ื•ืจื‘ื™ ื ื—ืžื™ื” ืืžืจ ืœืš ืงืœ ื•ื—ื•ืžืจ ืื ืื—ืจื™ื ืžื‘ื™ื ืœืงื“ื•ืฉืชืŸ ื”ื•ื ืขืฆืžื• ืœื ื›ืœ ืฉื›ืŸ

And Rabbi Neแธฅemya could have said to you, in response, the following a fortiori inference: If a service vessel brings other materials placed in them to their state of sanctity, thereby rendering those materials susceptible to misuse after misuse, all the more so is it not clear that the vessel itself should be susceptible to misuse after misuse.

ืจื‘ื™ ืื•ืžืจ ื›ืœ ื“ื‘ืจ ืฉืื™ืŸ ืœื• ืคื“ื™ื•ืŸ ื™ืฉ ื›ื•ืณ ื”ื™ื™ื ื• ืชื ื ืงืžื ืืžืจ ืจื‘ื ืื™ื›ื ื‘ื™ื ื™ื™ื”ื• ืขืฆื™ื

ยง The mishna teaches that Rabbi Yehuda HaNasi says: With regard to any consecrated item that is not subject to redemption, there is liability for misuse after misuse. The Gemara raises a difficulty: This opinion is the same as that of the first tanna. Why is this ruling presented as a dissenting opinion? Rava said: There is a difference between them in the case of donated wood. The first tanna maintains that wood does not have the status of an item consecrated as an offering; rather, it has the status of an item consecrated for Temple maintenance, and is therefore not subject to repeated misuse. By contrast, Rabbi Yehuda HaNasi holds that wood has the status of items consecrated as an offering, which is not subject to damage and is therefore subject to repeated misuse.

ื“ืชื ื• ืจื‘ื ืŸ ื”ืื•ืžืจ ื”ืจื™ ืขืœื™ ืขืฆื™ื ืœื ื™ืคื—ื•ืช ืžืฉื ื™ ื’ื–ื™ืจื™ืŸ ืจื‘ื™ ืื•ืžืจ ืขืฆื™ื ืงืจื‘ืŸ ื”ืŸ ื•ื˜ืขื•ื ื™ืŸ ืžืœื— ื•ื˜ืขื•ื ื™ืŸ ืชื ื•ืคื”

As the Sages taught in a baraita: With regard to one who says, in the form of a vow: It is incumbent upon me to bring wood to the Temple, he must not bring fewer than two logs for the arrangement on the altar. Rabbi Yehuda HaNasi says: Wood is considered an offering, as it is placed upon the altar, and therefore it requires salt, and it requires waving, like a meal offering.

ืืžืจ ืจื‘ื ืœื“ื‘ืจื™ ืจื‘ื™ ืขืฆื™ื ื˜ืขื•ื ื™ืŸ ืขืฆื™ื ื•ืืžืจ ืจื‘ ืคืคื ืœื“ื‘ืจื™ ืจื‘ื™ ืขืฆื™ื ืฆืจื™ื›ื™ืŸ ืงืžื™ืฆื”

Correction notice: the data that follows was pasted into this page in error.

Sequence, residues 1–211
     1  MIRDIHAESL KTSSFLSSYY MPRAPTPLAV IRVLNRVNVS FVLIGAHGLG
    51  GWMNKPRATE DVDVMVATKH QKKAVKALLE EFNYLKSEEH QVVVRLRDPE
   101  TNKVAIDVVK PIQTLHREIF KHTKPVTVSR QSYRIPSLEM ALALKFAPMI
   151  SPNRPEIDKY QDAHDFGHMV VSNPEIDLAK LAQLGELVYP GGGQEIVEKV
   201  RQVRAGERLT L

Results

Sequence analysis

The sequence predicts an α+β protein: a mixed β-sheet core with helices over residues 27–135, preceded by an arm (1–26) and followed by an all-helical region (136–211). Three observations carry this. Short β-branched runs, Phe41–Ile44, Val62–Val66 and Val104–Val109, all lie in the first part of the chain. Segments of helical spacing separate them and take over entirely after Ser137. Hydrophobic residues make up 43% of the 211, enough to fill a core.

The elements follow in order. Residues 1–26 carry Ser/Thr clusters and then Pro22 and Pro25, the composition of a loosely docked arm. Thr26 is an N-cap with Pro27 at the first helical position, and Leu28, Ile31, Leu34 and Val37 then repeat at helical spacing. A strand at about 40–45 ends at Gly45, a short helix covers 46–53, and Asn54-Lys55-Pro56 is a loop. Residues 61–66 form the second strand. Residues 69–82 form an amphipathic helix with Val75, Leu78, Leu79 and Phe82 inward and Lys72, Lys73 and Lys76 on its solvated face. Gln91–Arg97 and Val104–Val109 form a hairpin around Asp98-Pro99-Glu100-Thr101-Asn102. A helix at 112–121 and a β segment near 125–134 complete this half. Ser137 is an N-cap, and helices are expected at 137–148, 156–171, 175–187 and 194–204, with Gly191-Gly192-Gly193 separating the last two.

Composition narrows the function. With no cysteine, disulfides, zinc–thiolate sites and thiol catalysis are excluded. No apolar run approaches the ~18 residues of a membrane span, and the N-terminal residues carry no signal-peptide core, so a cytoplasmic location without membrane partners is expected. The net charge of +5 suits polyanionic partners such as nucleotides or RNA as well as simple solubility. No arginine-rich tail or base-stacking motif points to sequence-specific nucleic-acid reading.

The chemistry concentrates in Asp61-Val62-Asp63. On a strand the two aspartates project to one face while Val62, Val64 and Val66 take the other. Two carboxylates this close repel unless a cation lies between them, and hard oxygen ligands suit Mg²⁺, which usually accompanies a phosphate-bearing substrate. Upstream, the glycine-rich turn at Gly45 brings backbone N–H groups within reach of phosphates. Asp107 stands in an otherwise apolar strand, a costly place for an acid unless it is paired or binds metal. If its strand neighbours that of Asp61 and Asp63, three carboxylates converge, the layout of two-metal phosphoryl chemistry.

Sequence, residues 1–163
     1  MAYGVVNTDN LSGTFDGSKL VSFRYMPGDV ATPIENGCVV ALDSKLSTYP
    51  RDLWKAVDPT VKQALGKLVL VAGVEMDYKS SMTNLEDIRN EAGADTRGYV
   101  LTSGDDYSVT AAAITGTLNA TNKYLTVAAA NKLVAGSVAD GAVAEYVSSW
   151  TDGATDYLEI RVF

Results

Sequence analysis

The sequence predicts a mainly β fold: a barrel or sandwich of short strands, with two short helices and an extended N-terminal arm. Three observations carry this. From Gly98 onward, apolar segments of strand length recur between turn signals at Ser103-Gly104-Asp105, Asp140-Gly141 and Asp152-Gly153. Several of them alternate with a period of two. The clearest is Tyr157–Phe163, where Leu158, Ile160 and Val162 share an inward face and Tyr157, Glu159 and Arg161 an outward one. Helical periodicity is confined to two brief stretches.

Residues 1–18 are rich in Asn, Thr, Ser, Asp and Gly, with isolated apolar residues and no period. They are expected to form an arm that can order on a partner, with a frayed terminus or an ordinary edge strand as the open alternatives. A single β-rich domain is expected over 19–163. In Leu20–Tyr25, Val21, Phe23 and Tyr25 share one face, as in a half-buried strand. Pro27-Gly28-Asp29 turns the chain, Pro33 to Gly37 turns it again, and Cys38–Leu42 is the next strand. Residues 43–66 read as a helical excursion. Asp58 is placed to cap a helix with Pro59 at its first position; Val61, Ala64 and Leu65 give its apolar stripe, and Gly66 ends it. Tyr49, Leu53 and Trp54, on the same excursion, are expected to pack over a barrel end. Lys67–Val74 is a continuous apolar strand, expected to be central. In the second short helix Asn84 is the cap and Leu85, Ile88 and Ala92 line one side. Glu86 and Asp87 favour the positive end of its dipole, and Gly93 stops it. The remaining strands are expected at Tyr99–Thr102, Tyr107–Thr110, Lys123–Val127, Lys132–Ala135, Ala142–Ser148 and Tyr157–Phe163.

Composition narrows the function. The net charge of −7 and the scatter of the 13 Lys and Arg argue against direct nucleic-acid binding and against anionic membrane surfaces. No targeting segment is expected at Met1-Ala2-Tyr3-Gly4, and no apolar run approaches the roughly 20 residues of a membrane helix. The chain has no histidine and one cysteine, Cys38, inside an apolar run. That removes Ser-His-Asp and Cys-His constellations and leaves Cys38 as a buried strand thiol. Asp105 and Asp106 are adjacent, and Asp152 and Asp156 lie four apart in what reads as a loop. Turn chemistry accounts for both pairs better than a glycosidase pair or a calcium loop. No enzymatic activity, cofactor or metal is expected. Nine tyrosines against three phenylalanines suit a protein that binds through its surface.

Rava says: According to the statement of Rabbi Yehuda HaNasi, wood donated in this manner requires more wood as an accompaniment, so that the donated sacrificial wood is sacrificed in the same manner as other donated offerings. And Rav Pappa further says: According to the statement of Rabbi Yehuda HaNasi, wood donated in this manner requires the removal of a handful. Similar to the rite of a meal offering, a portion of the wood must be removed and burned first.

ืจื‘ ืคืคื ืืžืจ ืงื“ืฉื™ ืžื–ื‘ื— ืชืžื™ืžื™ืŸ ื•ื ืขืฉื• ื‘ืขืœื™ ืžื•ืžื™ืŸ ื•ืขื‘ืจ ื•ืฉื—ื˜ืŸ ืื™ื›ื ื‘ื™ื ื™ื™ื”ื•

Rav Pappa said that there is another difference between the opinion of the first tanna and that of Rabbi Yehuda HaNasi. If there were unblemished animals consecrated for the altar, and they became blemished and were disqualified from being sacrificed as offerings, and someone transgressed and slaughtered them before they were redeemed, in this case there is a difference between the opinion of the first tanna and that of Rabbi Yehuda HaNasi.

ื•ื”ืชื ื™ื ืงื“ืฉื™ ืžื–ื‘ื— ืชืžื™ืžื™ืŸ ื•ื ืขืฉื• ื‘ืขืœื™ ืžื•ืžื™ืŸ ื•ืขื‘ืจ ื•ืฉื—ื˜ืŸ ืจื‘ื™ ืื•ืžืจ ื™ืงื‘ืจื•

And indeed, it is taught in a baraita that Rabbi Yehuda HaNasi and the Rabbis engage in a dispute in that case: If there were unblemished animals consecrated for the altar, and they became blemished, and someone transgressed and slaughtered them, Rabbi Yehuda HaNasi says: The consecrated animals may no longer be redeemed, as it is written: โ€œHe shall stand the animal before the priest. And the priest shall value itโ€ (Leviticus 27:11โ€“12). A dead animal cannot be stood before the priest, and therefore the animal carcasses must be buried.

ื•ื—ื›ืžื™ื ืื•ืžืจื™ื ื™ืคื“ื•

But the Rabbis say: The animals should be redeemed. Since Rabbi Yehuda HaNasi maintains the animals may not be redeemed, this indicates that they have inherent sanctity, and therefore they are subject to repeated misuse. By contrast, the first tanna, like the Rabbis, holds that their sanctity is a function of their value, and consequently they are not subject to repeated misuse.

ืžืชื ื™ืณ ื ื˜ืœ ืื‘ืŸ ืื• ืงื•ืจื” ืฉืœ ื”ืงื“ืฉ ื”ืจื™ ื–ื” ืœื ืžืขืœ

MISHNA: In a case where one took for his use a consecrated stone or a beam, that person is not liable for its misuse.